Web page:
Democrats Argue Impeachment of Former President is Constitutional

U.S. Senate

Lead House impeachment manager Rep. Jamie Raskin (D-MD), who objected to the certification of 2017 election results, and promised to impeach President Donald Trump as soon as he took office, argued Tuesday that is is constitutional to impeach a former president.

Raskin told the Senators assembled for the trial that if they did not hold a trial, they would be creating a “January exception,” allowing presidents to commit misconduct before leaving office. (He did not note that presidents are still subject to ordinary criminal law, including for crimes committed during their presidencies, after leaving office.)

In addition, Raskin argued, the House had impeached Trump before he left office, suggesting that meant the process was legitimate for that reason. He also cited examples of states that intended impeachment to apply to former officials. And he argued that the Founders believed that challenges to elections were particularly grave abuses of power by leaders.

Rep. Joe Neguse (D-CO) then argued that the Senate agreed to hold an impeachment trial of former Senator William Blount, who was accused of corruption. The Senate expelled him, then held an impeachment trial that was later halted.

As the Senate’s own website notes (emphasis added):

Despite Blount’s absence, his impeachment trial began in the Senate on December 17, 1798, and quickly focused on the Senate’s right to try an expelled senator. In a narrow vote, the Senate defeated a resolution that asserted William Blount was an impeachable officer. In this vote, the Senate failed to make clear whether its decision stemmed from a belief that no senator could be impeached or from the belief that someone who ceased to hold a “civil office” also ceased to be impeachable.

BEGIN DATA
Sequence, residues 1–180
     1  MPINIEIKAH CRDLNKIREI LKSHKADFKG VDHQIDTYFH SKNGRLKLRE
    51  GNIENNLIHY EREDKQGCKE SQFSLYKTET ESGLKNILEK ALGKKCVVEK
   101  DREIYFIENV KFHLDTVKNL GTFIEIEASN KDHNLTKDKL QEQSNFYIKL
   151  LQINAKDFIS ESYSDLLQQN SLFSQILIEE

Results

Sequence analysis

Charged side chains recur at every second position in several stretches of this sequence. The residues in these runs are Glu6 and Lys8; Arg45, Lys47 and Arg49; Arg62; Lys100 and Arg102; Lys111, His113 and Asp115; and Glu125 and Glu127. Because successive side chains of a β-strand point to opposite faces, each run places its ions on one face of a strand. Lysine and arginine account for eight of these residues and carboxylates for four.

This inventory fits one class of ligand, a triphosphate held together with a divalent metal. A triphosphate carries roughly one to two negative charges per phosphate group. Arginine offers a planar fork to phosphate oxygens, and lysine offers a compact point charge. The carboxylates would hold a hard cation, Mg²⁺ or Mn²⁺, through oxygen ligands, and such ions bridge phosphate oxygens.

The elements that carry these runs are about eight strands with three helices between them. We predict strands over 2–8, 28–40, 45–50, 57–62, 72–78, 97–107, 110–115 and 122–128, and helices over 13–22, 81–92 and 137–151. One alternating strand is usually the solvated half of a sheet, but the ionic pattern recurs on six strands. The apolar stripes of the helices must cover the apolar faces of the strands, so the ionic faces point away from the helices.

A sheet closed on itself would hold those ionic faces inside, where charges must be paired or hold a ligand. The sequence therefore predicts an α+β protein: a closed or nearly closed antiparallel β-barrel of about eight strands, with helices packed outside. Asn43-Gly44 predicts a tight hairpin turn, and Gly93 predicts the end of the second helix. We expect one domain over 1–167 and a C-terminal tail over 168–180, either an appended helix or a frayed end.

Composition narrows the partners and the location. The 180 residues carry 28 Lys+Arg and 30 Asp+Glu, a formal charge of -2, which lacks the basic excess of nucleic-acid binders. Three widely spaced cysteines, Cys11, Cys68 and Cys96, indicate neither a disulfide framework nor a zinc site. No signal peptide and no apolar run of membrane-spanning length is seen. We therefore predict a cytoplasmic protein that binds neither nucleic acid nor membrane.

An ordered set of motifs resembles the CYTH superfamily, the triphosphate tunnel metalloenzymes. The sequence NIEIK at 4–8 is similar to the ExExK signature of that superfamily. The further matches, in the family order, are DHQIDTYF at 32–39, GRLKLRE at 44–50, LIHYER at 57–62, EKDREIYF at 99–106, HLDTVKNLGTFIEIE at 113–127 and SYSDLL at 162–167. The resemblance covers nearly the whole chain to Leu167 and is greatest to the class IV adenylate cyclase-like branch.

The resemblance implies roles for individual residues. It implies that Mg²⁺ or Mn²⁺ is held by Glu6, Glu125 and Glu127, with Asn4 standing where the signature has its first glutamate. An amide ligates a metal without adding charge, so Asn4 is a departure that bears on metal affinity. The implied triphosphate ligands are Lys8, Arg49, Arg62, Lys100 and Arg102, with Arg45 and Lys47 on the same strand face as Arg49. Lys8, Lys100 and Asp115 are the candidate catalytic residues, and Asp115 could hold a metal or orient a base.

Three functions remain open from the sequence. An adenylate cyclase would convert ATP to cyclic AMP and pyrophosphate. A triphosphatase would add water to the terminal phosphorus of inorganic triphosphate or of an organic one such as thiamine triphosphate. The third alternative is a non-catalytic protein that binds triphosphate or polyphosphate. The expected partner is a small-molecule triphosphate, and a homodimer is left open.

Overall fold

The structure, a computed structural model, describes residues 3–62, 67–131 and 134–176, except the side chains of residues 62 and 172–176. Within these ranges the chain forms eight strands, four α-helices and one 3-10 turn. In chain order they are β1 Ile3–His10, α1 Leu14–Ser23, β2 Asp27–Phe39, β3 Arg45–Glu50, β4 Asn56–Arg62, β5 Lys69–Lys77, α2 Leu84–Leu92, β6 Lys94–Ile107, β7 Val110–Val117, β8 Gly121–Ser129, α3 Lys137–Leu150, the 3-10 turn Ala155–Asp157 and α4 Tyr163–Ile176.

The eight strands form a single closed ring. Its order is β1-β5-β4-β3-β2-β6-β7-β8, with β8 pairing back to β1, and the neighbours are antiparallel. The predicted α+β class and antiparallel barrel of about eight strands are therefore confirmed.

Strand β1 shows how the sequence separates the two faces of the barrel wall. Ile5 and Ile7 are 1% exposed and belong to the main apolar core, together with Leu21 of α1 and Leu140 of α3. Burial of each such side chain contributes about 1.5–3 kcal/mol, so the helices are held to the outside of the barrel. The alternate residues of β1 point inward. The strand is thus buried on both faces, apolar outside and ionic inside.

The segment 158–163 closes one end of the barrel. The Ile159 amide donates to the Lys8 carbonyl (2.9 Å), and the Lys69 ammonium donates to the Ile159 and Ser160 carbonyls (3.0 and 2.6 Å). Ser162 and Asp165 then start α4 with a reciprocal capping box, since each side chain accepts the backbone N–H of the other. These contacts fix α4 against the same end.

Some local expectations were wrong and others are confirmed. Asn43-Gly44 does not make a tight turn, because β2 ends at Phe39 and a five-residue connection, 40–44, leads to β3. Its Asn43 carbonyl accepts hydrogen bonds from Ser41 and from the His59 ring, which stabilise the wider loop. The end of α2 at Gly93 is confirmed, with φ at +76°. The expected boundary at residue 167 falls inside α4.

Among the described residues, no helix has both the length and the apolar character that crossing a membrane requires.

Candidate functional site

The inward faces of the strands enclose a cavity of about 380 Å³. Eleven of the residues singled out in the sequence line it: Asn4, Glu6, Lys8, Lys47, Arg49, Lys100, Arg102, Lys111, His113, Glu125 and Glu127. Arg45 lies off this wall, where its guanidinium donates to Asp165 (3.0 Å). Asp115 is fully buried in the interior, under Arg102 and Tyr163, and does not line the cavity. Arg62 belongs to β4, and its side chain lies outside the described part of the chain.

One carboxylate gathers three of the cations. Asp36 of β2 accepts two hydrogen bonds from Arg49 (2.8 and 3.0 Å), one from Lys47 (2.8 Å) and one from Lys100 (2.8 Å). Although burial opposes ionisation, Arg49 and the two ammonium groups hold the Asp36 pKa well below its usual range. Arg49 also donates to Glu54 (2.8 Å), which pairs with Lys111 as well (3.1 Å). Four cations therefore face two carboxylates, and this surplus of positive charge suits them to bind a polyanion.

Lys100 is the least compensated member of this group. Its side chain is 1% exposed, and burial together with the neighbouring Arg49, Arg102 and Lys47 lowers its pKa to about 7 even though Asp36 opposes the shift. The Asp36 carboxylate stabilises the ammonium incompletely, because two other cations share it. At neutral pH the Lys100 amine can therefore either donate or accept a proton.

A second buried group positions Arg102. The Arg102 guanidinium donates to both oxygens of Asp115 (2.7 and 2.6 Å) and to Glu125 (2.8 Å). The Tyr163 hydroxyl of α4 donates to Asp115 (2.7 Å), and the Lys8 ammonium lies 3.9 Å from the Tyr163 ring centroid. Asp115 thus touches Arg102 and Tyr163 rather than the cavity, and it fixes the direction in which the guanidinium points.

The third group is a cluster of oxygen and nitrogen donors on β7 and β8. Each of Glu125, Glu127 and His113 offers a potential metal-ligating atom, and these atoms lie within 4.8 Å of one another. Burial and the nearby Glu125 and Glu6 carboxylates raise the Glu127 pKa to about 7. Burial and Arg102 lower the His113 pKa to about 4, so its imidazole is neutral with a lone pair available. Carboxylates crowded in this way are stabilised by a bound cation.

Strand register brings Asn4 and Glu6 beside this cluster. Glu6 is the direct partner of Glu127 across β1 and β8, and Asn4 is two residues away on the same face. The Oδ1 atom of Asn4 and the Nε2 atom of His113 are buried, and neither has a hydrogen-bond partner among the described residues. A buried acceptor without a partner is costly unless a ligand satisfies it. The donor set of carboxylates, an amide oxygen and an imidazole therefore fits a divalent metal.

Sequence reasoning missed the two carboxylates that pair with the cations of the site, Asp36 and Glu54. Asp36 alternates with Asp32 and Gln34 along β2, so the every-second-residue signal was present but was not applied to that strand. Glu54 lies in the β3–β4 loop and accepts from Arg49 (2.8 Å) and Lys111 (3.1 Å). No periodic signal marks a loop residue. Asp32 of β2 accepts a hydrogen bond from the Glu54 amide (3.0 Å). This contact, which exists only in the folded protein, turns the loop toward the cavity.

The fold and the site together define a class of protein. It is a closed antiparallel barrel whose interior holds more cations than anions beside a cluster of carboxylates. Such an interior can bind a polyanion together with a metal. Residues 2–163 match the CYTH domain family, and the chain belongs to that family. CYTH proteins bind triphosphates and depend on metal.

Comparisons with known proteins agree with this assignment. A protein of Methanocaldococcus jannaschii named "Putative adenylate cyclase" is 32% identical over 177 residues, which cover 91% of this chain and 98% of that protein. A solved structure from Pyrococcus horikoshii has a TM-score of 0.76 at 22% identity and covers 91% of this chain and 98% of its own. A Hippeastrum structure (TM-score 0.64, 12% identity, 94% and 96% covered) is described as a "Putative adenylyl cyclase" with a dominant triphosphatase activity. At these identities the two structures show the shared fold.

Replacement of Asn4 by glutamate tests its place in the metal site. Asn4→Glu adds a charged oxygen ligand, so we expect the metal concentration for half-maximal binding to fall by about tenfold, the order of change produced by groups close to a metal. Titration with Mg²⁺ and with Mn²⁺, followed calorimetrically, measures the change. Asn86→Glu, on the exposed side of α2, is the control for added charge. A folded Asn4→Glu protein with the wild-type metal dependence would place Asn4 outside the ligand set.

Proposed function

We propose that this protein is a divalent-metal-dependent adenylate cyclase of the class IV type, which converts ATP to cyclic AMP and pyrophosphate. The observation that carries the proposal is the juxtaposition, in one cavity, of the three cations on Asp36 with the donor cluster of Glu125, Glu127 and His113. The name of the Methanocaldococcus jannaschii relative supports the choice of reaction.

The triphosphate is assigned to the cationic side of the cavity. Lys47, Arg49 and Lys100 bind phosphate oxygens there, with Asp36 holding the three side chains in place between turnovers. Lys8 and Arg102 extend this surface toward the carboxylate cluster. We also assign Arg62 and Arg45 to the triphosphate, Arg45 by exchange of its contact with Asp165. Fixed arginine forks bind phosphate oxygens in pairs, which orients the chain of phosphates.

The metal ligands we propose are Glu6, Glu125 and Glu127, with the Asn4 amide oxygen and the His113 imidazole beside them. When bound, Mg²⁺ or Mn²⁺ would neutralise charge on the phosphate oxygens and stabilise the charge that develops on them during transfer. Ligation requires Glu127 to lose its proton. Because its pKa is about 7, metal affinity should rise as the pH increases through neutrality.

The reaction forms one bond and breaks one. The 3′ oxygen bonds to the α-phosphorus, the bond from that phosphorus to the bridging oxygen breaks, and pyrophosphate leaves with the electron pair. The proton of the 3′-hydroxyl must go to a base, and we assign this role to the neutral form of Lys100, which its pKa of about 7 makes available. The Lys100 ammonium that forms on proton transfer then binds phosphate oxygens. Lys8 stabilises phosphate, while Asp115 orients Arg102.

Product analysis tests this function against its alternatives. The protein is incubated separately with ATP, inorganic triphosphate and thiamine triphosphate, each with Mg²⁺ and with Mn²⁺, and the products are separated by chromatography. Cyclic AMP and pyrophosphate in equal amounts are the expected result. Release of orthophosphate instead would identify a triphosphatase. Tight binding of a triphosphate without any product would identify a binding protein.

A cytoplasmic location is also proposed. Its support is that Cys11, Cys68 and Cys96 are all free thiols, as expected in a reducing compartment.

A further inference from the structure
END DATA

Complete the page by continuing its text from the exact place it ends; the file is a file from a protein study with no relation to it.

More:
Neguse then moved on to the case of former Secretary of War William W. Belknap, who was tried even after he was impeached, because he had resigned in the interim. However, as constitutional scholar Jonathan Turley has noted, many Senators doubted whether they had jurisdiction to try an official who was no longer in office: Turley observed: “Almost half of the Senate voted on a threshold challenge to reject the very basis of the trial. He was ultimately acquitted.”

Neguse then cited Turley as if he believed that presidents could, in fact, be tried after leaving office. Turley refuted that argument in real time.

Later, Neguse tried to anticipate the arguments of Trump’s lawyers, arguing that they had misread the Constitution to preclude a president from being barred from future office if he resigned before trial.

Rep. David Cicilline (D-RI) argued that Congress had the power to impeach and try former presidents but had decided not to do so in the past because it was “unwise.” Because Trump was a continual danger, he said, the Senate had to try him.

He argued that “it does not matter” that Chief Justice John Roberts was not presiding over the current impeachment trial.

Joel B. Pollak is Senior Editor-at-Large at Breitbart News and the host of Breitbart News Sunday on Sirius XM Patriot on Sunday evenings from 7 p.m. to 10 p.m. ET (4 p.m. to 7 p.m. PT). He is the author of the recent e-book, Neither Free nor Fair: The 2020 U.S. Presidential Election. His recent book, RED NOVEMBER, tells the story of the 2020 Democratic presidential primary from a conservative perspective. He is a winner of the 2018 Robert Novak Journalism Alumni Fellowship. Follow him on Twitter at @joelpollak.

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